The Wolves of Willoughby Chase & Pinocchio at Greenwich Theatre

The Wolves of Willoughby Chase & Pinocchio at Greenwich Theatre

Serena Murfitt reviews the latest performances at Greenwich Theatre.

For a lot of kids, tailored summer performances alongside panto and Christmas specials, are the gateway into enjoying theatre as an adult.  It is probably more important that we get them right therefore, than it is for your average stage production aimed at adults. Luckily we have two excellent examples on offer at Greenwich Theatre for the summer holidays so, while acknowledging that I am probably NOT a part of their intended target audience, the big kid in me jumped at the chance to pop down this week and partake in a double bill comprising The Wolves of Willoughby Chase – a new one on me – and the more familiar Pinocchio, both directed by the theatre’s James Haddrell.

In keeping with all the performances I have seen thus far at Greenwich Theatre, the staging remains simple while a very talented cast set the scene, ably assisted by lighting and special effects.

The Wolves of Willoughby Chase quickly settles into the patterns and rhythms children will be familiar with from pantomime – a musical introduction to the cast, a clear delineation of the heroes and the villains of the piece (children Bonnie and Sylvia, assisted by the Buttons-esque servant James and Simon the goose boy – yay!; panto dame governess Miss Slighcarp showing a nod to Les Dawson for those of us old enough to remember him, and the mysterious stranger Mr Grimshaw – boo!).

As it is based on the book by Joan Aiken, the scenes played out on stage for the key story points are conveniently helped along by spoken narrative to carry the story through to its conclusion in the short hour and a half slot necessary to keep the attention of even the youngest audience member. A small team of seven actors brilliantly slips between multiple roles, taking the audience along with them – until they choose not to. This was the big standout for me in the play and what made it different from your standard fare –  Haddrell’s use of increasingly frequent breaks in the fourth wall to include stage crew and audience, and to allow the actors to break character from time to time. This may have been the source of some confusion for very young audience members – one was heard to say he thought things had gone a bit wrong in a post-show chat – but they were the source of great hilarity for adults and older children, especially when the cast all gathered at the side of the stage flicking through script pages in a most confused manner while Lord Willoughby delivered a monologue centre stage. I’ll avoid giving the rest away beyond applauding the clever use of a blanket towards the end of the show. Please watch for yourselves and enjoy!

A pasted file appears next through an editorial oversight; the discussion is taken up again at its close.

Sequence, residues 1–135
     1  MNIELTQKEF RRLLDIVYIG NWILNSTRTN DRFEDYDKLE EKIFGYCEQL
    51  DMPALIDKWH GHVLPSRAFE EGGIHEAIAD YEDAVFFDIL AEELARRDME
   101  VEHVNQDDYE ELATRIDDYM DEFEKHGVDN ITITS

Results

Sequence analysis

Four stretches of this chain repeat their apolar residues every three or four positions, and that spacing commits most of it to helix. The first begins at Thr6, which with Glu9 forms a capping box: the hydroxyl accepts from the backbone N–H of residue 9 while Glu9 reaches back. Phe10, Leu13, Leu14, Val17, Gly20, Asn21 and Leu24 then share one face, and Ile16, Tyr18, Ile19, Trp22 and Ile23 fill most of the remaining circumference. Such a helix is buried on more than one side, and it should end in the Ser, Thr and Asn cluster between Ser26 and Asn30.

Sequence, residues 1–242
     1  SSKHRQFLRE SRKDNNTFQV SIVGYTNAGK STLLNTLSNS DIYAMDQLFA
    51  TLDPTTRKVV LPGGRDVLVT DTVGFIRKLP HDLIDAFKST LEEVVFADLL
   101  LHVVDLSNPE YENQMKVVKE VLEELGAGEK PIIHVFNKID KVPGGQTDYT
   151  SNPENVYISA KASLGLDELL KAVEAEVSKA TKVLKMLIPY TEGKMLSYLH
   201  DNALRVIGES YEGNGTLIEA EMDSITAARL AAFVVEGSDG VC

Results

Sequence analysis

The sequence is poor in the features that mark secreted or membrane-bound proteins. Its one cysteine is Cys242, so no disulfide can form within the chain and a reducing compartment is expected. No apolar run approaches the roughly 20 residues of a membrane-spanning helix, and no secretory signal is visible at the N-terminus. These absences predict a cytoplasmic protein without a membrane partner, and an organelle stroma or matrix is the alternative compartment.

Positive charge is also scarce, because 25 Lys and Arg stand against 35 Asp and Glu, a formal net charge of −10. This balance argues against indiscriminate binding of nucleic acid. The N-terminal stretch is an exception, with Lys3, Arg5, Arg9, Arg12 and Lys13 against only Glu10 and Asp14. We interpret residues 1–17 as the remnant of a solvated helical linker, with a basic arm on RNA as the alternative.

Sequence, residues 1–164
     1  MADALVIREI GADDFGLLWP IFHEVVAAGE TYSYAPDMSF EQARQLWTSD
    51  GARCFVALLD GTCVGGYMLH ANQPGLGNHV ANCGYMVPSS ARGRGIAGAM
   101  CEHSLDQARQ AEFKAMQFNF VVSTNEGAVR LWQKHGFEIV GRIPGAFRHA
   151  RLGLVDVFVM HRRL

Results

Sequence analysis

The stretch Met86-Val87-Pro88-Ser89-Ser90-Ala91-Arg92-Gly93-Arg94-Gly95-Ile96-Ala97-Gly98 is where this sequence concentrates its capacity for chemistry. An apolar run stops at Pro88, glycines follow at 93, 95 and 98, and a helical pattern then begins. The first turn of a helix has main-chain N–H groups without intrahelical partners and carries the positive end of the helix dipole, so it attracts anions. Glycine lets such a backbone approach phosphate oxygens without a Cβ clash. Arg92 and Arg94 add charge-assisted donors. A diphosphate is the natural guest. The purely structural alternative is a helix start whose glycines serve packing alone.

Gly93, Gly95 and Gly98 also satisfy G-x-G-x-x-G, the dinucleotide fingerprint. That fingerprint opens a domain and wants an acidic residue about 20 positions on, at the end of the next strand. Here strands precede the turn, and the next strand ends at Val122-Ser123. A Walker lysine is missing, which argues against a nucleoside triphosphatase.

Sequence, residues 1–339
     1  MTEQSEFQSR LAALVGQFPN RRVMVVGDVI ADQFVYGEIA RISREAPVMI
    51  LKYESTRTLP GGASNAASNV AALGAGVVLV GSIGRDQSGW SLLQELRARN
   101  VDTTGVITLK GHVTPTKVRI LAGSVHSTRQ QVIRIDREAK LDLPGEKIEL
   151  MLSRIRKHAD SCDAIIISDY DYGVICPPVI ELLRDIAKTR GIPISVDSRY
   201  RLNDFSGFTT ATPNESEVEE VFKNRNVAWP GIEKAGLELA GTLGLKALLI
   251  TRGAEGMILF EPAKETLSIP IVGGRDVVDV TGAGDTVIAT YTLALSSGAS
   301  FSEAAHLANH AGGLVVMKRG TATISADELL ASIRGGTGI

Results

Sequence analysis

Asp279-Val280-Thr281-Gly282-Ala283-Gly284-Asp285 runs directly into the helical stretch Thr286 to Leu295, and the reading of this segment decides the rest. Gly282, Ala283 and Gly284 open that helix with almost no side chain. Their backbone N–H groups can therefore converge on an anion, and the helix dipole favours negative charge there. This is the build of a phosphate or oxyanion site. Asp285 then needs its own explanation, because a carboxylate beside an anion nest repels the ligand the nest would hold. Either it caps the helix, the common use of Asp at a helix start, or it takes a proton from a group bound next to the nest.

Ultimately, in the Wolves of Willoughby Chase, your heroes triumph, your villains are scuppered and the audience go away happy. If that isn’t the recipe for a successful afternoon’s entertainment then I don’t know what is.

The second show in the double bill was Pinocchio, and for this we saw a more traditional form of storytelling on stage.  For those of us brought up with the saccharine Disney version, be warned, as the play is based on the 1883 story by Carlo Collodi and there are some marked differences which become obvious when we are introduced to the talking Cricket as Grillo not Jiminy (Il Grillo Parlante literally means ‘The Talking Cricket’ in Italian. We were at least spared the grisly end Collodi included for Grillo though – look it up!). The fox and cat characters also take their names from the original text – Volpino and Fellino – but we have the comforting familiarity of Gepetto.

The essential tenets and moral compass consistent in all adaptations of Pinocchio remain here – magical talking boy carved from wood who has to learn about the world around him and navigate his way between physical lands of right and wrong and temptation and temperance, guided by his conscience in the form of Grillo, and ultimately by his love of his creator and father Gepetto.

Unlike Willoughby Chase, Pinocchio stays true to the somewhat darker tone we find in early children’s tales and as such is probably more engaging for a slightly older audience and provides more of a second step into the world of adult theatre than an introduction.

My advice? See both shows in an afternoon as I did, and enjoy a walk around Greenwich and lunch in between. You won’t be disappointed.